Violence certainly has its place in games, though I think its volumes could - and should - be pared back dramatically so it meaningfully impacts the player's experience rather than simply being a way to test their skills and offer increasing challenges.


Regarding violence in games contra real life violence, I've always been in the camp that insists people don't mix the two so easily. There's a huge difference between watching two sets of polygons fight it out and two real human beings do the same. It's not just that polygons currently lack the fidelity to look real, there are more nuances beyond that that affect how we perceive the event unfolding before our eyes.
There are subtle noises and body language that never really enter video games. I don't advice anyone to venture to the dark corners of the internet, but not even the most horrific movies and games come even miles close to seeing real cruel inhumane violence. When you see something truly horrific, you can experience something close to vertigo. And I don't think most people making the comparisons between real world violence and video game violence has ever seen or experienced the same level of real violence as the games portray in their cartoonish way. For good and bad, I suppose.
I can agree with your overall point, I wish some games handled violence not as a gameplay mechanic to engage with to progress through a story but as part of an overall experience where violence when occurring feels heavy and impactful. I'll give you a recent example; The Walking Dead. Sometimes during your experience with that game there will be scenes of violence that cut through the noise of it being rather cartoony and stylized graphically. Because the transitions happens in split seconds and the game-world itself is horrified making you feel equally justified at feeling the same. One specific scene from 400 Days is when you're hiding behind the tractor as Bonnie and you kill Dee by accident. It's quick, gruesome and you get to see her slowly die. Overall I felt The Walking Dead has handled violence the right way.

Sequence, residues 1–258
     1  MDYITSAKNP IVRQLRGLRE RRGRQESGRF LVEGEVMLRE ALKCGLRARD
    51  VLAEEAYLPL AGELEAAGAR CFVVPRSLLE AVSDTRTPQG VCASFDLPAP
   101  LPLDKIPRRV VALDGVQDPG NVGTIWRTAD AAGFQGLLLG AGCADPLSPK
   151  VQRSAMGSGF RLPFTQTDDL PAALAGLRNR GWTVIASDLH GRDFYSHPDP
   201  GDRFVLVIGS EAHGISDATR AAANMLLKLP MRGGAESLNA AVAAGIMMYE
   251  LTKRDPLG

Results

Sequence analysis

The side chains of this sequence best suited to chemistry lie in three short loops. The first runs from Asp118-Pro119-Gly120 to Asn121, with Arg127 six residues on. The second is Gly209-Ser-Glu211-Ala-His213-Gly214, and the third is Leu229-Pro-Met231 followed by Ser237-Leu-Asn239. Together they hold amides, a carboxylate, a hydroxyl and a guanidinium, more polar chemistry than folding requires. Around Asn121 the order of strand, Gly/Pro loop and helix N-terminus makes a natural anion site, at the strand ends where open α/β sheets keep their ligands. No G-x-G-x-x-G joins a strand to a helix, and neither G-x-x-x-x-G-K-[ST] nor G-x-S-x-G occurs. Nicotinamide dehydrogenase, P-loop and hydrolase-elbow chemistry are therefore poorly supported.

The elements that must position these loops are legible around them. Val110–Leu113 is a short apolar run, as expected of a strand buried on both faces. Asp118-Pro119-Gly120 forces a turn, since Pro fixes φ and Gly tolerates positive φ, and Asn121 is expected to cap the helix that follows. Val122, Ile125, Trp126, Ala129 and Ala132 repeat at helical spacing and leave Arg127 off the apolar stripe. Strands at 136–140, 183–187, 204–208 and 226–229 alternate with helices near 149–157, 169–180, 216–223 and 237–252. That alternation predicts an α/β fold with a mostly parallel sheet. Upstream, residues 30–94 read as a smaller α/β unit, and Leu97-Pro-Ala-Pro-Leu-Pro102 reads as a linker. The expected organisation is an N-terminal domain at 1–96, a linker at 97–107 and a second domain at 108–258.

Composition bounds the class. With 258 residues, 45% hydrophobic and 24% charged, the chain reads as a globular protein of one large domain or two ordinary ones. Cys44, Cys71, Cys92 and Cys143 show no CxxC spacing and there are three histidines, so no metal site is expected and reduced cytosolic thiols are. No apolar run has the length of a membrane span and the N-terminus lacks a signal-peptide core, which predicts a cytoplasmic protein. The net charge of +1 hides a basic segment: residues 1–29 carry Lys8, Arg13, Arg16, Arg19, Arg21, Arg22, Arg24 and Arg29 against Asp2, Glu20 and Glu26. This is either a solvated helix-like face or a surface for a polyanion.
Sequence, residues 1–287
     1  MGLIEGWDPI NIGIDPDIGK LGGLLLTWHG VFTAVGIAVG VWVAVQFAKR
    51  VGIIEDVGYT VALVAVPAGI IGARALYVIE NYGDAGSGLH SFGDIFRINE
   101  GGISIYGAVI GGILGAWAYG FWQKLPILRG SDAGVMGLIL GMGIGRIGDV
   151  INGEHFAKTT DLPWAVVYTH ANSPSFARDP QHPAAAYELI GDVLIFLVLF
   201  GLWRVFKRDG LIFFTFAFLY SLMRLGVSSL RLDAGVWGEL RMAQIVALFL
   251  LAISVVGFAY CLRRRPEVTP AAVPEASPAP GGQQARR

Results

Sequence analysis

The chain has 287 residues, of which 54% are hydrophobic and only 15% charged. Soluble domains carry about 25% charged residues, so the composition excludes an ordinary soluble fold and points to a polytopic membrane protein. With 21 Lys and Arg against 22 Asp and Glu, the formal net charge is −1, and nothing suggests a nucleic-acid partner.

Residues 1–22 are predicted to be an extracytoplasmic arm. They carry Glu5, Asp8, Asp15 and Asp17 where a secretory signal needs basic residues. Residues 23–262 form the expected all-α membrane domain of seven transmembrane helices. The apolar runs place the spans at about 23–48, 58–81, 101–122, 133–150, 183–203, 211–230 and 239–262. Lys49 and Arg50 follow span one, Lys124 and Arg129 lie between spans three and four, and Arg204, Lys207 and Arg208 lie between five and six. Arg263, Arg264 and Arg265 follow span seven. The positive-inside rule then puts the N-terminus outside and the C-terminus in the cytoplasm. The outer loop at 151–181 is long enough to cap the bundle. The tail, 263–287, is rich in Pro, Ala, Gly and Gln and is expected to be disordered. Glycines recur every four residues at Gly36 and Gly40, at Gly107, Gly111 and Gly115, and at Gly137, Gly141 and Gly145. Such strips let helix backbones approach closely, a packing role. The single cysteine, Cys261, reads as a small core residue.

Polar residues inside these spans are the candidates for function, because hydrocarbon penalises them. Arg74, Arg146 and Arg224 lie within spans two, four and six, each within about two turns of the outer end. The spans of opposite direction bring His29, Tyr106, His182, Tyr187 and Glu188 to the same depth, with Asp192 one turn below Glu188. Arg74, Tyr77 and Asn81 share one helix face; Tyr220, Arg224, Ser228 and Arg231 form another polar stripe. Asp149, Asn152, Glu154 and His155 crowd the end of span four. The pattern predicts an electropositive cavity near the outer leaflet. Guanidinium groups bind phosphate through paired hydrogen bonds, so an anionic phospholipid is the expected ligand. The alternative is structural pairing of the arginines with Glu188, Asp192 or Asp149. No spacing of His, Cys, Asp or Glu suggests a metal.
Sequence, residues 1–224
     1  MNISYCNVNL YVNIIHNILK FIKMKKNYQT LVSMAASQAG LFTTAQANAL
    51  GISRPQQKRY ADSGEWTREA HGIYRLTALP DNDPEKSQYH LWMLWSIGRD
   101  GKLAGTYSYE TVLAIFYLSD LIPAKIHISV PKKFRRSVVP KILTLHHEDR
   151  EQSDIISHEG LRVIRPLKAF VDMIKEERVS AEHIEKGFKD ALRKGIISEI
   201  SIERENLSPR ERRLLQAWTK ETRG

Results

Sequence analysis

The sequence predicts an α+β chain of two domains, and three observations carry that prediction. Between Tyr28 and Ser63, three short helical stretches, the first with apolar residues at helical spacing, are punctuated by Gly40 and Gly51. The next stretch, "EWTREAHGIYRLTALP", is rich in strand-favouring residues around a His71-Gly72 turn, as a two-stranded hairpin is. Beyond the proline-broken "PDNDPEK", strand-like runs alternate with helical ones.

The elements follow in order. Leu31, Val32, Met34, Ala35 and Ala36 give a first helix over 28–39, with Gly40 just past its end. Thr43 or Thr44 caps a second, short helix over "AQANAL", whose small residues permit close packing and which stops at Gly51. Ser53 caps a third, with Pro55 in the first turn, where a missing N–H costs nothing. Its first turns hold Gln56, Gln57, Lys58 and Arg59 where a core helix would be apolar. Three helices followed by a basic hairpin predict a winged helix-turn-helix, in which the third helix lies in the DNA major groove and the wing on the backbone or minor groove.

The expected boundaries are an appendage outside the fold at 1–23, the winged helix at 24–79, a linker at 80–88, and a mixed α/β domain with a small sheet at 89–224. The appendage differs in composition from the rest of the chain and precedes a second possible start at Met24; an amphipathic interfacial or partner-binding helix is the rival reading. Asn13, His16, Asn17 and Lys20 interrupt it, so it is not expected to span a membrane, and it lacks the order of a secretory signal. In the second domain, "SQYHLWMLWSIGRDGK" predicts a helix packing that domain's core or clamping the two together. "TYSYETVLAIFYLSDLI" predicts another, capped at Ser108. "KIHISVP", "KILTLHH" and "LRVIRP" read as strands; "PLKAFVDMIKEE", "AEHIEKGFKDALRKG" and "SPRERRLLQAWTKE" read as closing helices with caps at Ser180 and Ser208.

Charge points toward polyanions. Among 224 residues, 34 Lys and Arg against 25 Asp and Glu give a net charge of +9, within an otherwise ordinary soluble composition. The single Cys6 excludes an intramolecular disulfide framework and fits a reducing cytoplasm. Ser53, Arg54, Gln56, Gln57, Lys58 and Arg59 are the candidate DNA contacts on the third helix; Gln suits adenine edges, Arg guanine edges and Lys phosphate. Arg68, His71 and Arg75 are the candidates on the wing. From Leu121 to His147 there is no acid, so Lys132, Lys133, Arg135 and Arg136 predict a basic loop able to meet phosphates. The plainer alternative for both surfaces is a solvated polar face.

That being said, I do think there's room for either or. Just like we have Rambo mowing down a ton of dudes with a stationary machine gun, we have the fire extinguisher scene from Irreversible. Two completely different displays of violence with completely different intentions.


Posted by Brodehouse - August 12, 2013 at 6:48 AM

I made a blog about the ways video games get violence right and the way they get it wrong a few years ago. The main thing for me was weight. Men being perforated with bullets and then falling to the ground should sound heavy, you're dropping a 200+ pound man. When they fall, it should sound like you just dropped 200+ pounds from a five to six foot height.


Posted by ShalashaskaUK666 - August 12, 2013 at 9:24 AM

Okay, so I've just written 12,000 words on the 'Games as Art' and violence in videogames debates for my MA dissertation, so I'm up to my eyes in research papers and theorists' opinions! Overall I think the vast majority of these debates comes from videogames not being recognised as a worthwhile artform, or a piece of entertainment with a real sense of worth.
I have no interest in games making violence more affecting. I've played a handful that did, and while the games had value, I wouldn't make a hobby of playing that particular genre too often. And if we did, how could we really claim that video games aren't bad for kids? It's one thing to desensitize people to video game violence, it's another to desensitize them to violence that is as realistic as we can make it.

That's the thing, some games are bad for kids, just the same as some movies, books and pieces of physical art are also bad for immature, unprepared minds. 
I think whilst our beloved medium is rooted in these 'destroy-to-progress' mechanics that form the basis of so many titles, developers tend to lay it on thick when evolving that basic idea into new titles with better graphics. I forget which event it was when they showed off God of War: Ascension, but I audibly sighed when they showed the 'brain rip' animation. I get fantasy violence, its great fun, but its like how far down that road are we gonna go, with graphics that are THAT good, y'know? There should be some stopping point in terms of 'how can we execute this emotion/idea, okay we've done it'.
Personally I loved The Last of Us, and I thought Joel's progression throughout the narrative was handled amazingly well, as at no point was the depiction of violence onscreen overly gratuitous, it fit that world with those characters.
I think using Cannibal Holocaust is a strange example, because that film serves only to push the buttons of disgust over and over, rather like Hostel, or the Saw sequels. It's not trying to convey violence with any real depth or purpose, the makers of that film wanted to make something that would challenge the conventions and expectations of the medium of the time, and they did so by being horrifically violent at the cost of any integrity.